1. Tier 2: Application layer

The application tier will consist of the business logic, which decides the functional aspect of the system. This layer helps to derive the core competencies of the database application. This 3-tier architecture layer is coded using the functional programming language like .NET, Java, Python, C#, C++, etc.

  1. Tier 3: Data layer

The data-tier in the 3-tier system consists of the actual database, which functions as the storage and access layers. Examples of data layer systems are the standard relational and non-relation databases like MySQL, PostgreSQL, Oracle, MS SQL Server, Cassandra, MongoDB, Maria DB, etc. Data from this layer is accessed using API calls by the application layers.

Structure of 3-tier architecture

In a typical 3-tier architecture, the structure of deployment may be as below.

  • The presentation layer (tier one) is deployed on the user machine as a desktop, laptop, tablet, smartphone, etc. This is usually operated through a web browser or web application by using the webserver.
  • The application layer, which underlies the presentation layer, is usually hosted on one or more application servers. Still, it can also be hosted on the cloud or dedicated workstation based on the processing power and complexity needed for the application.
  • The third layer, i.e., the data layer, will comprise a single or multiple relational or non-relational databases, sources of big data, data lakes, or other types of database management systems hosted on the cloud on-premise.

Benefits of three-layer architecture

There are many benefits in using this model of database architecture, which include but are not limited to increased developmental speed, better performance, scalability, flexibility, and availability. Modularizing different layers of the application will give the development team many better opportunities to enhance the product by ensuring greater speed than relying on a single code base. This can also improve the efficiency of development by letting the teams focus more on their core competencies than being compromised with limited avenues.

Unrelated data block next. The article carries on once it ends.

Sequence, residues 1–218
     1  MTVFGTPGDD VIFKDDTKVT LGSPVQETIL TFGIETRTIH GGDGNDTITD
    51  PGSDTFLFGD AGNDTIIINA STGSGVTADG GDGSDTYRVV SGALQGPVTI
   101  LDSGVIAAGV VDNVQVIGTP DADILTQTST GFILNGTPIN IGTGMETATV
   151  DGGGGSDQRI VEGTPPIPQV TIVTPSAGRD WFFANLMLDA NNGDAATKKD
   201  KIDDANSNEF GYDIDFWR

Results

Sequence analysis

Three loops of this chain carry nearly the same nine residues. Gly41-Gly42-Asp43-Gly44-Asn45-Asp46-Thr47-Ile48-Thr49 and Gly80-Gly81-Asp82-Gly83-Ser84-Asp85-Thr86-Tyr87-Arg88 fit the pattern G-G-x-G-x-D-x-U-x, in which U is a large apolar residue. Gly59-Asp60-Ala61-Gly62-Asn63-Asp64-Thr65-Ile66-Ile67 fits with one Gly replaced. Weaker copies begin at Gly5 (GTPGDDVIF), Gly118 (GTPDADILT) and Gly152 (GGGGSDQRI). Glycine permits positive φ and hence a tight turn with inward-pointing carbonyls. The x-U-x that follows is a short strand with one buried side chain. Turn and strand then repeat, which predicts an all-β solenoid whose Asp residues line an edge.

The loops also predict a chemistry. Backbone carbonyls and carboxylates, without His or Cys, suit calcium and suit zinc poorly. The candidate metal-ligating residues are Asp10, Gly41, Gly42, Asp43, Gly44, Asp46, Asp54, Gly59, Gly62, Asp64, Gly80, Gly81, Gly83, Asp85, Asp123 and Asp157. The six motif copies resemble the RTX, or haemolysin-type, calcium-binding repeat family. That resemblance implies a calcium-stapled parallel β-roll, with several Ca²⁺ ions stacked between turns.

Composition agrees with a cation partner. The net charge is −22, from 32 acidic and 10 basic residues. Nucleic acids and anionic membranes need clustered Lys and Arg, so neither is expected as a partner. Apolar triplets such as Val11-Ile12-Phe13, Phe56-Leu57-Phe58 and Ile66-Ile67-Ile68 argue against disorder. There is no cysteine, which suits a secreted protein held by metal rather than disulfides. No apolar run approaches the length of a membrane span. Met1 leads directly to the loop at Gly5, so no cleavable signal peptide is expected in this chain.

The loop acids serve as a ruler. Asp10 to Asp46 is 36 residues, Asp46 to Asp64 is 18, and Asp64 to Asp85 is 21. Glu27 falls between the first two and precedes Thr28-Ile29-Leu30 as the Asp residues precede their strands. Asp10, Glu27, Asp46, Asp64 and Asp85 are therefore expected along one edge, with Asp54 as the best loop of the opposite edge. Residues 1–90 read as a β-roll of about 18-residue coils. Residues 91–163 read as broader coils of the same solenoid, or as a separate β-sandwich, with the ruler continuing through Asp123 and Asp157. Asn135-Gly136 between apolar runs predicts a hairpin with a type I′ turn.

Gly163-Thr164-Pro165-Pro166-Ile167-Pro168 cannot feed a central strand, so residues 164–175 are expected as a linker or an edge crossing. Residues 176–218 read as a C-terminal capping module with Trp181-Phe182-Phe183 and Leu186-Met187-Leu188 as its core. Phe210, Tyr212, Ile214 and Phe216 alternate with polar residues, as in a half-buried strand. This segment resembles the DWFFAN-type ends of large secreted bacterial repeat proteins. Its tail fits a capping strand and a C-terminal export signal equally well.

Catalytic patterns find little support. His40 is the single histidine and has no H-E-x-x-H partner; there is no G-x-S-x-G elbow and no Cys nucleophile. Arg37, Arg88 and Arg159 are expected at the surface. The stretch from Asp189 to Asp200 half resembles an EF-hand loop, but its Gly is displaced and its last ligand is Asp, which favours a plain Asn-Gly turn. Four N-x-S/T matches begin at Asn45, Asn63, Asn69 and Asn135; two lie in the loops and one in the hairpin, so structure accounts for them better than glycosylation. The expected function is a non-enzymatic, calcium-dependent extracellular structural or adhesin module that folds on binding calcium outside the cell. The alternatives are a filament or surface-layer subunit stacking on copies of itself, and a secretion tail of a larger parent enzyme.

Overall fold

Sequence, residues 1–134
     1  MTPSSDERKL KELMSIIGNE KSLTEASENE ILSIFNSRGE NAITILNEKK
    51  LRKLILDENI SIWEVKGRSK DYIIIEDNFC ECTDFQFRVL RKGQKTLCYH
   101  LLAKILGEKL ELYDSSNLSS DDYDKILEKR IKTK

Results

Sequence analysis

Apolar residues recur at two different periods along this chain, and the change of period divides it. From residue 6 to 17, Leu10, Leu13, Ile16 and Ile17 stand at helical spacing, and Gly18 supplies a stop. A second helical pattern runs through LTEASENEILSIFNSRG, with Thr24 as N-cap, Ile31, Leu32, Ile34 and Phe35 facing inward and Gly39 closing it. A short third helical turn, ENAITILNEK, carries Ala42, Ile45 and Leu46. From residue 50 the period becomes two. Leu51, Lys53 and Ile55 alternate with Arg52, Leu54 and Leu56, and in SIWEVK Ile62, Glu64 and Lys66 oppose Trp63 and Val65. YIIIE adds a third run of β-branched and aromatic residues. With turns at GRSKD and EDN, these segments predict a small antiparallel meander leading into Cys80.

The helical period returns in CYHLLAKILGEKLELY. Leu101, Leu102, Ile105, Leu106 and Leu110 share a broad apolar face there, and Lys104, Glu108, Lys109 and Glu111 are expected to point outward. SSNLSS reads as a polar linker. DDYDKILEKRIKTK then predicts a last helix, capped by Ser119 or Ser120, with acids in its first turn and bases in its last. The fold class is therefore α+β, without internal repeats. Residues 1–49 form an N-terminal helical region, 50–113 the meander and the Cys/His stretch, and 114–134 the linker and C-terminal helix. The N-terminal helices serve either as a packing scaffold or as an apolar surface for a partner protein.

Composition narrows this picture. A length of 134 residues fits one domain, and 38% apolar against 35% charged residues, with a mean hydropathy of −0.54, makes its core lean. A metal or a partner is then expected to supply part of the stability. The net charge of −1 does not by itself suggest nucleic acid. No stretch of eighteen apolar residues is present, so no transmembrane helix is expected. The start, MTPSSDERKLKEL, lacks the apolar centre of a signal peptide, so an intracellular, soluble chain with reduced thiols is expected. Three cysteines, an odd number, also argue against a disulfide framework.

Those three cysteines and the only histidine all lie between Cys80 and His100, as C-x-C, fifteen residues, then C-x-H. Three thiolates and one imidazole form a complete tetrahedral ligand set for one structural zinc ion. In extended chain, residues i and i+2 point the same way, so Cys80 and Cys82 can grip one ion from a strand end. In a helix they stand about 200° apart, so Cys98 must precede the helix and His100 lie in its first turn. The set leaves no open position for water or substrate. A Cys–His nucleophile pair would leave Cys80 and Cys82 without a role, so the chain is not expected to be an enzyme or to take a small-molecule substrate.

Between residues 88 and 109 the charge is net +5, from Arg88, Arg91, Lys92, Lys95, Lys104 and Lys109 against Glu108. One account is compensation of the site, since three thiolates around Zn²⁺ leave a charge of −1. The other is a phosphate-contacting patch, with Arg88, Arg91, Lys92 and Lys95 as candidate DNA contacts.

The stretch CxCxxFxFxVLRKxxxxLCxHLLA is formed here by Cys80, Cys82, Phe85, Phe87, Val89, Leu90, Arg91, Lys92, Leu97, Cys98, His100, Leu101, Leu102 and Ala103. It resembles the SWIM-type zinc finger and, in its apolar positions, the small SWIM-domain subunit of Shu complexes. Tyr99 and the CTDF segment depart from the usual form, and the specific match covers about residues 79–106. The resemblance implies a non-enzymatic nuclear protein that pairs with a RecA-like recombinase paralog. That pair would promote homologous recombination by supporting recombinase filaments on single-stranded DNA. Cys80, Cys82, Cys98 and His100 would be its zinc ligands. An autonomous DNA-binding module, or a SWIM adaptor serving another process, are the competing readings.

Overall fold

Scalability is the most wonderful advantage of 3-tier architecture. Each of these layers can be upscaled independently based on the user’s need at any given point. Suppose you start to receive an increased number of web requests, but these do not usually affect the application layer. In that case, you can scale up the web servers without altering the application servers. Similarly, if you find there are a greater number of application requests only from a limited number of users, then you can work on scaling up the application layer and data layer by setting aside the web servers.

By having distinct standalone layers, 3-tier architecture will let you increase your database applications’ availability and reliability by hosting different layers on different servers and by leveraging cached results. With full-stack systems, you need to worry about a single server performance or the risk of it going down, but in a 3-layer model, decreasing dependencies by separating each part of the application will help eradicate the performance issues offer you better throughput.